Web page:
I’m in London before heading tomorrow to Oxford for a colloquium on social entrepreneurship. I stopped at a British food shop, Prêt a Manager, which offers advice about addressing hunger that is as eloquent as any paper I’m likely to read at the Oxford gathering. Simple advice of the kind we’d all be much better off following.
Prêt a Manager is a chain of shops that serve sandwiches, salads, and coffee; plus porridge and a few other items that seem very English. The ingredients they use are fresh; the food is chemical- and additive-free. And it’s tasty. All good things.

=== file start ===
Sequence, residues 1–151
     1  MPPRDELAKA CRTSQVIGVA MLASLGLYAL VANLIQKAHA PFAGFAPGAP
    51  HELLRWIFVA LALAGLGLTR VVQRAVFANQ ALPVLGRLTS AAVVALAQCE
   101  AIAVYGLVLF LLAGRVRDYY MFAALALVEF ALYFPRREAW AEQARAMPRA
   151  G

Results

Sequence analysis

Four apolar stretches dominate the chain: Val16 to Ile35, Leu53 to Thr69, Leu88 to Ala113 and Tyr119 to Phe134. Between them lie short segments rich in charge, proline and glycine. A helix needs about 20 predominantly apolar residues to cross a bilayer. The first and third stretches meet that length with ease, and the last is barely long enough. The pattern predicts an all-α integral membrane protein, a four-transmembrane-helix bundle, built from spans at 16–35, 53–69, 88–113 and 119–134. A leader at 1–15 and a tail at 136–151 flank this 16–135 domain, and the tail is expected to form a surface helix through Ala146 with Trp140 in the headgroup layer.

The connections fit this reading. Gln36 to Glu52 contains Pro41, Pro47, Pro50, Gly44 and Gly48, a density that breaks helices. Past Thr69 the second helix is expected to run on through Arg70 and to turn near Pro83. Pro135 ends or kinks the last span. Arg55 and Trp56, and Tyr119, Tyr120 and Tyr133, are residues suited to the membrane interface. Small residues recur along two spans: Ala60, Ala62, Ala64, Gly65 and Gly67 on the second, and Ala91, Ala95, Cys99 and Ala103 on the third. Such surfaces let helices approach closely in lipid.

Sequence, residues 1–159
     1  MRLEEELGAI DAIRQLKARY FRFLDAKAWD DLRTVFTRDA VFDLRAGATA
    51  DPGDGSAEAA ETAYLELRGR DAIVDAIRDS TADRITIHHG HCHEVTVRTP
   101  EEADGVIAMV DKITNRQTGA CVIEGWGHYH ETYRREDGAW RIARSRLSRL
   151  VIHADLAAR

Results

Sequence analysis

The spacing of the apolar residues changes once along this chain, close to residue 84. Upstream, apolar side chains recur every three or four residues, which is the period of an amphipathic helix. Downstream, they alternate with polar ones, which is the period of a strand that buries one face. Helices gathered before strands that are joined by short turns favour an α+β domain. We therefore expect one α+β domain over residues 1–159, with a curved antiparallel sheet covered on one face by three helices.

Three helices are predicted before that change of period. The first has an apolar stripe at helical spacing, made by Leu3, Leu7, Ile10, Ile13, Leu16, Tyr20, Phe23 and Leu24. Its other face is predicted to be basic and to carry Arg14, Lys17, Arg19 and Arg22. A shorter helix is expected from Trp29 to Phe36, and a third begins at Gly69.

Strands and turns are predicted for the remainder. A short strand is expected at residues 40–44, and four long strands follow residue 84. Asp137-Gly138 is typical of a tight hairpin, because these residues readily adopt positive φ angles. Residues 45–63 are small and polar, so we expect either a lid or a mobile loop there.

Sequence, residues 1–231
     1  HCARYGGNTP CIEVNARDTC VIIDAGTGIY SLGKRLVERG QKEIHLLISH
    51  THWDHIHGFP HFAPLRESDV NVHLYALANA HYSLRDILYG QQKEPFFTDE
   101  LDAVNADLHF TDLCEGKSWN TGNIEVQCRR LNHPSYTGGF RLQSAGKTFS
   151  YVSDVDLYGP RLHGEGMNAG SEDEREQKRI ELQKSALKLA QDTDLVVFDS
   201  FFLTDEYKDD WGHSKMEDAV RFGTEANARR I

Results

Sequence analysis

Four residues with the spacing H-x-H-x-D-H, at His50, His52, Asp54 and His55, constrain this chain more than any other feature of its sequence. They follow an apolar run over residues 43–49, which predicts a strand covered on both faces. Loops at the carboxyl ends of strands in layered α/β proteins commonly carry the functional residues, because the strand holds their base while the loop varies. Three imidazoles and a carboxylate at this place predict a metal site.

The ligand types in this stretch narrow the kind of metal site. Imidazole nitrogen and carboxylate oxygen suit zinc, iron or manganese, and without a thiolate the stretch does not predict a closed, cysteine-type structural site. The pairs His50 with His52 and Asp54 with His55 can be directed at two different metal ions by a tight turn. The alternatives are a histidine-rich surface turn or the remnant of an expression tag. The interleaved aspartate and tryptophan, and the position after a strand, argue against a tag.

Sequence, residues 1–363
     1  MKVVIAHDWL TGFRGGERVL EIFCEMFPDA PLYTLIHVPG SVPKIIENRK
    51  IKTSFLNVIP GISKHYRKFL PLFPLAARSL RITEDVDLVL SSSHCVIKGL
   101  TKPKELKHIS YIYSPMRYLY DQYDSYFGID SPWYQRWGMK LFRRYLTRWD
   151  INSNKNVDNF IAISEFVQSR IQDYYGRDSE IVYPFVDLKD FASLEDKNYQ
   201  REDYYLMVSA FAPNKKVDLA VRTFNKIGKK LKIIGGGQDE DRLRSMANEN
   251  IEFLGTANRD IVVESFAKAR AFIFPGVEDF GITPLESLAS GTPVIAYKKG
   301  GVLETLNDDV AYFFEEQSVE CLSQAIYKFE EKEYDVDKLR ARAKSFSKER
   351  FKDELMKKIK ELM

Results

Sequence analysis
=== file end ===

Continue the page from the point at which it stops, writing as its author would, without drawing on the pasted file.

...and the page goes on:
The walls have a bunch of sayings you might find in a yoga studio: “To feel full of life, don’t eat too much, don’t eat too little.” And other things about what (not) to put in our bodies. This all might seem too new age-y, but their napkin tells a different, very practical story:
At the end of each day we give our unsold sandwiches and salads to local charities and shelters working with the homeless. We don’t do this because we’re “nice people.” We do this because throwing good food (and hard work) in the bin is madness.”
We’re in an age of madness, don’t you think, where simple truths are getting drowned out by loud voices with tons of money and by all-“facts”-deserve-an-equal-airing news coverage?
Sometimes it’s not so hard to see who needs help and how we can help them. When we see this, throwing these ideas in the bin is just madness.